• NORC is a public policy and social research organization affiliated with the University of Chicago. They provide hosted Webinars on Screening, Brief Intervention, and Referral to Treatment (SBIRT) training includes resources for professionals, adolescent SBIRT, workplace/EAP, community stakeholders, and other addiction or behavioral professionals. NORC provides SBIRT education in both on-demand and live webinars. [31]
  • Kognito offers accredited technology-based training on SBIRT for youth using innovative simulations to evaluate the skills of those taking the training. [32] The program was developed in collaboration with NORC at the University of Chicago and has been adopted by more than 40 schools of health professions and state agencies. Additionally, the Kognito Conversation Platform[33] has an innovative behavior change model that integrates several evidence-based models and techniques, game mechanics, and learning principles. Kognito is listed in the National Registry of Evidence-based Programs and Practices (NREPP).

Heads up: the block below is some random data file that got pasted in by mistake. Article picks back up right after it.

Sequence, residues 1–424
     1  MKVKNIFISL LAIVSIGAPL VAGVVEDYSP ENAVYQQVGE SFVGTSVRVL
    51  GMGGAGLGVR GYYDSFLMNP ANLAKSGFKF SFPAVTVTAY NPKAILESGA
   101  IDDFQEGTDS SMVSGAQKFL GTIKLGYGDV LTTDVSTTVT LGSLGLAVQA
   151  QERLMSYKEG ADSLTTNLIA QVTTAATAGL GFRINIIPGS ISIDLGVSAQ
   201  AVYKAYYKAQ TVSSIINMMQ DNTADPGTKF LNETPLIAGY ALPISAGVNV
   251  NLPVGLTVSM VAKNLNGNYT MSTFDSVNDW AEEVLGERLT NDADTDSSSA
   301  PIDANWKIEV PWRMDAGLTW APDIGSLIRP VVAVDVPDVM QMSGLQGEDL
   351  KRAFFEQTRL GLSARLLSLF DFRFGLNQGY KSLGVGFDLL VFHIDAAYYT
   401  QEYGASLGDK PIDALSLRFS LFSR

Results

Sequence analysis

Communities can also enhance SBIRT by incorporating technology through new screening tools. These tools make it easier for health professions to expand initial screenings while opening up a new avenue to engage patients and individuals. Screening tools may include phone apps, tablet-based screening, computer-administered screening, interactive voice response, web-based or even text-based.